Team Santa Monica’s Jordan Wilimovsky will compete for Olympic Gold in Rio
By Max Rothschild
If at first you don’t succeed at becoming a Los Angeles County Junior Lifeguard, train to represent your country in the Olympic Games.
In other words, persistence has paid off for Jordan Wilimovsky, a member of the Team Santa Monica swim club who is on his way to Rio to represent Team U.S.A.
Wilimovsky’s Olympic journey began at age 9, when he decided to take swimming lessons because he wasn’t a fast enough swimmer to qualify for the junior lifeguard program. He didn’t become interested in competitive swimming until years later, when he won his first open water race — from Will Rodgers State Beach to the Santa Monica Pier — by a remarkable 15 minutes.
Last year he decided to take a year off of his studies at Northwestern University to take a shot at the Olympics, a risk that paid off twice. In October he qualified for the 10k Marathon Swimming competition in Rio by winning the 10k Open Water World Championships in Russia. On July 3 he qualified for the 1,500-meter freestyle at the U.S. Olympic Swimming Trials in Omaha, which makes him the first American athlete in history to qualify for both open and closed water Olympic competition.
While other competitive clubs tend to focus on pool events, Team Santa Monica puts equal if not more investment into distance swimming.
“It’s not just a sideshow for us; I would say it’s a priority. We believe that it allows swimmers to expand to other events later on, and I think that’s probably the biggest difference between us and other programs,” Coach Dave Kelsheimer said.
Wilimovsky held a meet-and-greet for fans on the July 9 at the Santa Monica Swim Center, where he answered a few questions from local reporters.
What’s your training regimen like?
A typical week is 10 pool sessions. In the mornings we’ll do between 6.5 and 7.5 kilometers [4 to 4.6 miles], and then in the afternoons we’ll do like 8 to 9 kilometers [5 to 6 miles] just depending on the day or the set, or what we’re focusing on.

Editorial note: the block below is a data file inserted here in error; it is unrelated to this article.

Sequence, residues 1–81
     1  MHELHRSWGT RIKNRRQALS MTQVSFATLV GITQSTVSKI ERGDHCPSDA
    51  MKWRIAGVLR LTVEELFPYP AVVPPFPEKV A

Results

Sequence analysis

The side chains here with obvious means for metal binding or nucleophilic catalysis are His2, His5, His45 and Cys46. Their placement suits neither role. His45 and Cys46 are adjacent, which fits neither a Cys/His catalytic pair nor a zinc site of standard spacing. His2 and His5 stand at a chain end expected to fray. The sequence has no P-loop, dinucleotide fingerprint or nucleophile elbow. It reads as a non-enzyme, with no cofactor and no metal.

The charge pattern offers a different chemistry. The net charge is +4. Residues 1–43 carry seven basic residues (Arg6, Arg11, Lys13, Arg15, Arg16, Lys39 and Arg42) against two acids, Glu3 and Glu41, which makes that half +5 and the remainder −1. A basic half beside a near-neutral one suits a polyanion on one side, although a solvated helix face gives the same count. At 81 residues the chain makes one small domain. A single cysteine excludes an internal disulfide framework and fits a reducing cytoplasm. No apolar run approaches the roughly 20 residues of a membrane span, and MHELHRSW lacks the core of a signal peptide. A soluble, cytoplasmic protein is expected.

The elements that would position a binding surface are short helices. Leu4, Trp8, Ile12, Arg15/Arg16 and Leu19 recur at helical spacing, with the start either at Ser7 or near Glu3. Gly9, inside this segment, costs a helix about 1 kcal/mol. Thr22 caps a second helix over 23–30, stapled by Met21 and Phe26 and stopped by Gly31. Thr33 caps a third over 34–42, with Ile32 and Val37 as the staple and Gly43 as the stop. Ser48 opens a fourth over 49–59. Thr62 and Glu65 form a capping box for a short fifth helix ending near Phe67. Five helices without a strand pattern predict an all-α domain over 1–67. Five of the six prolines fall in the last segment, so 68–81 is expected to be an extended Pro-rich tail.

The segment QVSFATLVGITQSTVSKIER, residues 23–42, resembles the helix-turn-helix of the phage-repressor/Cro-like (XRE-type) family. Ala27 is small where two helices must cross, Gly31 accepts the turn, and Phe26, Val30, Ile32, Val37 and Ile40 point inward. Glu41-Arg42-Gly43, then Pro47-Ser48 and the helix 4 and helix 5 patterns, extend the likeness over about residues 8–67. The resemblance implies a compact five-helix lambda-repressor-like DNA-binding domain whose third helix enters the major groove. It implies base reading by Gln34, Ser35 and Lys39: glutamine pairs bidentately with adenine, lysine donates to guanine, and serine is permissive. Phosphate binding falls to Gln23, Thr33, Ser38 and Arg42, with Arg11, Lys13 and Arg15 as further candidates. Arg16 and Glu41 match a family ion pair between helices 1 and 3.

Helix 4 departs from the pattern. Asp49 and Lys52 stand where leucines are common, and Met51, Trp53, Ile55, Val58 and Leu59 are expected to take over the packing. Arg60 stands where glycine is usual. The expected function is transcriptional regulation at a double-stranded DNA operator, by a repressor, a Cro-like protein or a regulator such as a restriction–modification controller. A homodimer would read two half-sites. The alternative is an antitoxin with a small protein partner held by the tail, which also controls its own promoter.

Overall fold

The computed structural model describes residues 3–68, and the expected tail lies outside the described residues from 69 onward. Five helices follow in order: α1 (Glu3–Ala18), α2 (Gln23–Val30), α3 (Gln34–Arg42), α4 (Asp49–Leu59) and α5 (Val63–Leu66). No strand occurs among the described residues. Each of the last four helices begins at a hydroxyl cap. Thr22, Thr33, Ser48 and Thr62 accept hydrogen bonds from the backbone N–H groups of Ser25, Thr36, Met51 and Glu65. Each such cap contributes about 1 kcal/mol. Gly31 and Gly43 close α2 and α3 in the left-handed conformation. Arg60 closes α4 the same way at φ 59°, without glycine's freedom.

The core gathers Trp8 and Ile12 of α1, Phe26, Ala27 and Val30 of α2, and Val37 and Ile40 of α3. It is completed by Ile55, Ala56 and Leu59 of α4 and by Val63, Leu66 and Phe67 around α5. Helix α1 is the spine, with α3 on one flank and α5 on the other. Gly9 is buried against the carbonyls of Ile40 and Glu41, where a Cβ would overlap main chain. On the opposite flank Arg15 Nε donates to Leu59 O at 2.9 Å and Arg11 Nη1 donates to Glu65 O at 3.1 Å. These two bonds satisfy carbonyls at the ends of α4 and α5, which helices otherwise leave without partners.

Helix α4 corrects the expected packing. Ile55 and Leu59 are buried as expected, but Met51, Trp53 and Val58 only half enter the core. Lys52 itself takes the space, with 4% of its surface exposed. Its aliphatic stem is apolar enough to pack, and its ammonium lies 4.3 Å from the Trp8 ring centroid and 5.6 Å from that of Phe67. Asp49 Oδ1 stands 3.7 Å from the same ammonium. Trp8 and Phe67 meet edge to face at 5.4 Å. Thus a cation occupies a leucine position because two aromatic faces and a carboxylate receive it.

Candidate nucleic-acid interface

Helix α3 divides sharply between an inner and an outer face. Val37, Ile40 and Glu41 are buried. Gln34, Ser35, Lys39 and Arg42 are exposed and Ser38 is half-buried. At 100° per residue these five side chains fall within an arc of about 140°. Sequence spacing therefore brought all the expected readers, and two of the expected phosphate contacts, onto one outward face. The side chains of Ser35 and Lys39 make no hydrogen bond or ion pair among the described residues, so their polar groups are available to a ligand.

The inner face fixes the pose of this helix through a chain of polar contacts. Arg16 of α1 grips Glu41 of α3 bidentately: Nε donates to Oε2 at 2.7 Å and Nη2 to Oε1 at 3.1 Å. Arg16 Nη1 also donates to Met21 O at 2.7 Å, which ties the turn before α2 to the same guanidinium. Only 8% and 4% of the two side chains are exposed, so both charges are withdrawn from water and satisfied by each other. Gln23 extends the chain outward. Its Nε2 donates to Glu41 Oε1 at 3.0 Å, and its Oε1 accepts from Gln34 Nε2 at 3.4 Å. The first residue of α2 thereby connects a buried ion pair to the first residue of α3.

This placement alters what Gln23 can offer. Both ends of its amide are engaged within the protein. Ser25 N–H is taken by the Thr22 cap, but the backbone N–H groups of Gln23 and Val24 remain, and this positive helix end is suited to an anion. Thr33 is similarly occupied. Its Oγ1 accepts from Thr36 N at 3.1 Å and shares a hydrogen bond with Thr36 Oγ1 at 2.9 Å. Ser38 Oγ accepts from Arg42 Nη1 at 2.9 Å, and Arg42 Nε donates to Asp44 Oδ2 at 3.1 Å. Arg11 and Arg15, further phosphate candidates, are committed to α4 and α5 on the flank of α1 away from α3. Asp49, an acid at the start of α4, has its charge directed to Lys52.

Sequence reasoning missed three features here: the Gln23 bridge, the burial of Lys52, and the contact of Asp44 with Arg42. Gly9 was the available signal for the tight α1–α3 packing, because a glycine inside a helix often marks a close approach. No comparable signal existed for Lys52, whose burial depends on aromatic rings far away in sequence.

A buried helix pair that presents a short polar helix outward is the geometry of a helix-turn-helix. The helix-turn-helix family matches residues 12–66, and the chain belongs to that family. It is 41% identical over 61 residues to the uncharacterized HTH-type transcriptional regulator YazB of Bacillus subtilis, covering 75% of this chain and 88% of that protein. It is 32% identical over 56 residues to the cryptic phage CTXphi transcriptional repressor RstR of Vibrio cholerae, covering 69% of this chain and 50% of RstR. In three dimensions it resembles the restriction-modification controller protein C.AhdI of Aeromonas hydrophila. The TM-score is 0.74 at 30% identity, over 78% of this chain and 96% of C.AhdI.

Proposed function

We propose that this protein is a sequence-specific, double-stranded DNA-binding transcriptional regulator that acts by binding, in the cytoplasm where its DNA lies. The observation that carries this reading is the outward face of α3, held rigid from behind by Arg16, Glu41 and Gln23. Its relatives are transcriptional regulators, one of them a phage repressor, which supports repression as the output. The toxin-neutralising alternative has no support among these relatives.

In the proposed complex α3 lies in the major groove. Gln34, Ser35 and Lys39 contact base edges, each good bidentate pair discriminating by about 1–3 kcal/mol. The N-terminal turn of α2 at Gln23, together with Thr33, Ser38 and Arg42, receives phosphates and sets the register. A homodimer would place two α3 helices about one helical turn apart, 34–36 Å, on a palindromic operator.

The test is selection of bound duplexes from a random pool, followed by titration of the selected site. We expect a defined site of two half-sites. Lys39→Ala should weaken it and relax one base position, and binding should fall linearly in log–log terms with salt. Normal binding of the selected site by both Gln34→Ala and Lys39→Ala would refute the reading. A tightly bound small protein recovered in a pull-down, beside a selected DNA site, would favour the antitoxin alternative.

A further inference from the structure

How do you avoid monotony?
Just mixing it up — what you’re working on day to day. If you want to do distance swimming or any kind of swimming you have to work your anaerobic system, aerobic system, your kick, your pull. So in one single day you can have a single focus or you can work on a bunch of different stuff, and each of those different aspects of the sport involve different skills and training methods.
How does it feel to be the first American athlete to qualify for both pool and open-water swimming races?
It’s pretty cool. I mean, any chance you get to represent the U.S. is awesome, but with that being said open-water is relatively new to the Olympics. I think 2008 was the first time they had it. I was lucky enough to be the first person, but I definitely won’t be the last. There’s a lot of very talented guys that are coming up who are doing both.
Do you have any concerns about the water conditions in Rio?
No, but that’s a question we get a lot. USA Swimming isn’t going to make us swim in water that they think is dirty and unsafe. They’ve been down there and they’ve tested the water and said it’s perfectly safe to swim in. It’s one of the most popular tourist beaches in the world, so if it was a problem they’d know about it.
For more information about Team Santa Monica, visit teamsantamonica.org.